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Crime at Home and in the Streets - The Relationship Between Family and Stranger Violence

NCJ Number
Violence and Victims Volume: 2 Issue: 1 Dated: (Spring 1987) Pages: 5-23
J Fagan; S Wexler
Date Published
19 pages
Research and theory on violent behavior have treated aggression between intimates and aggression between strangers as separate phenomena.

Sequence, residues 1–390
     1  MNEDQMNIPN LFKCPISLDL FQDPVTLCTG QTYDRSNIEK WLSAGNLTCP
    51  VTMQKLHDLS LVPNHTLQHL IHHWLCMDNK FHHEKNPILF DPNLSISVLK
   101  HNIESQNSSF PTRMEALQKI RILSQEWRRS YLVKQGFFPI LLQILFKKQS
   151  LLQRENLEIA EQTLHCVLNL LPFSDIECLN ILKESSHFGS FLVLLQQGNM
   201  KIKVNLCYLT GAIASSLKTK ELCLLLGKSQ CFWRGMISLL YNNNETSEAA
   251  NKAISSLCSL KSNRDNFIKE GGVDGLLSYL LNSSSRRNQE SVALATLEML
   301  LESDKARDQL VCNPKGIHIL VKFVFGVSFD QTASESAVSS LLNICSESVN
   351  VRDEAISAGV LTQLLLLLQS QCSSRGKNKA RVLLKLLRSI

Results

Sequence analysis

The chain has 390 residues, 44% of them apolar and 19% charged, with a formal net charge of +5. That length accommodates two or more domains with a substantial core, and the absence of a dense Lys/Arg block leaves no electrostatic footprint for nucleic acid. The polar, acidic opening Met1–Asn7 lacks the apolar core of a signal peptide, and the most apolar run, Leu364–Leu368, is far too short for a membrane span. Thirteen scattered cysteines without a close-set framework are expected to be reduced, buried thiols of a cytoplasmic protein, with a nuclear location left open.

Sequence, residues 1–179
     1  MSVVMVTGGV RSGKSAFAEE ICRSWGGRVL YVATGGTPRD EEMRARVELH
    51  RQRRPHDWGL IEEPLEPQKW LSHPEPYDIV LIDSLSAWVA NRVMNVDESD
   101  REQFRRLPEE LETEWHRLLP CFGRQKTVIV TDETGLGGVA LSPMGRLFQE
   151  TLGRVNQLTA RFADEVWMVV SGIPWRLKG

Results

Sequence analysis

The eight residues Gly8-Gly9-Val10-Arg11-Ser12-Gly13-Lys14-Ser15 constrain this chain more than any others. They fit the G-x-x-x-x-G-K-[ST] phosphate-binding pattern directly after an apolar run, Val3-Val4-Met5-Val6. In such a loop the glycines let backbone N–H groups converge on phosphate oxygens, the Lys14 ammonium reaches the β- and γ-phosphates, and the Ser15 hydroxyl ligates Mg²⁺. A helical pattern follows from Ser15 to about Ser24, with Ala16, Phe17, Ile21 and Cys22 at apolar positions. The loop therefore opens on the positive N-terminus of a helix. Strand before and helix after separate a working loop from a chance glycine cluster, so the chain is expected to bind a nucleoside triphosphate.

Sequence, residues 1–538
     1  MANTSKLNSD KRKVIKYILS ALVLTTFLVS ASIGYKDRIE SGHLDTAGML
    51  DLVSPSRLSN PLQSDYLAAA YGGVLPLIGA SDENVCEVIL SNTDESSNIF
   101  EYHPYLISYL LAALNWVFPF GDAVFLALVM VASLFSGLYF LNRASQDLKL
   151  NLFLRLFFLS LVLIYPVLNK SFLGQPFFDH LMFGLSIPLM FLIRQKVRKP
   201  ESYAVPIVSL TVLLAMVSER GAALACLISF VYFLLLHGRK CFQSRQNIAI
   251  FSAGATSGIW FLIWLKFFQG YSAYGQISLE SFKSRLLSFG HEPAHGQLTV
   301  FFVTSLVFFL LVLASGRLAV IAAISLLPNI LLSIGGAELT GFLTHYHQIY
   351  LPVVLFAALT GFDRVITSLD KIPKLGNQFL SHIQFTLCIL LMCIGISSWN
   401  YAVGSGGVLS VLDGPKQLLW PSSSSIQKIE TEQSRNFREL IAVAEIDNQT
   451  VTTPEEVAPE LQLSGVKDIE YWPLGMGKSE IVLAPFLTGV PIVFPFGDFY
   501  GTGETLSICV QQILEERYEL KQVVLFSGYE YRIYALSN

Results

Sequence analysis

Major criminological works on violence and aggression have generally overlooked violence in the home. As a result, independent and distinct bodies of theoretical and practical knowledge exist regarding family violence and aggression toward strangers, and the relationship between family violence and violence directed against strangers is little understood. Exposure to violence as a child consistently emerges as a strong explanatory factor for both domestic violence and the behavior of 'generally' violent men. Behavior patterns appear to shift over time, from domestic violence only to violence toward both strangers and family members. However, an integrated theory of violent behavior by males provides explanations of both stranger and family violence. Early childhood socialization toward violence, modified by social and cultural supports during adolescence and adulthood, suggests a social learning paradigm. Hypotheses are developed that integrate and unify theories of stranger and family violence. 111 references and 9 notes. (Author abstract modified)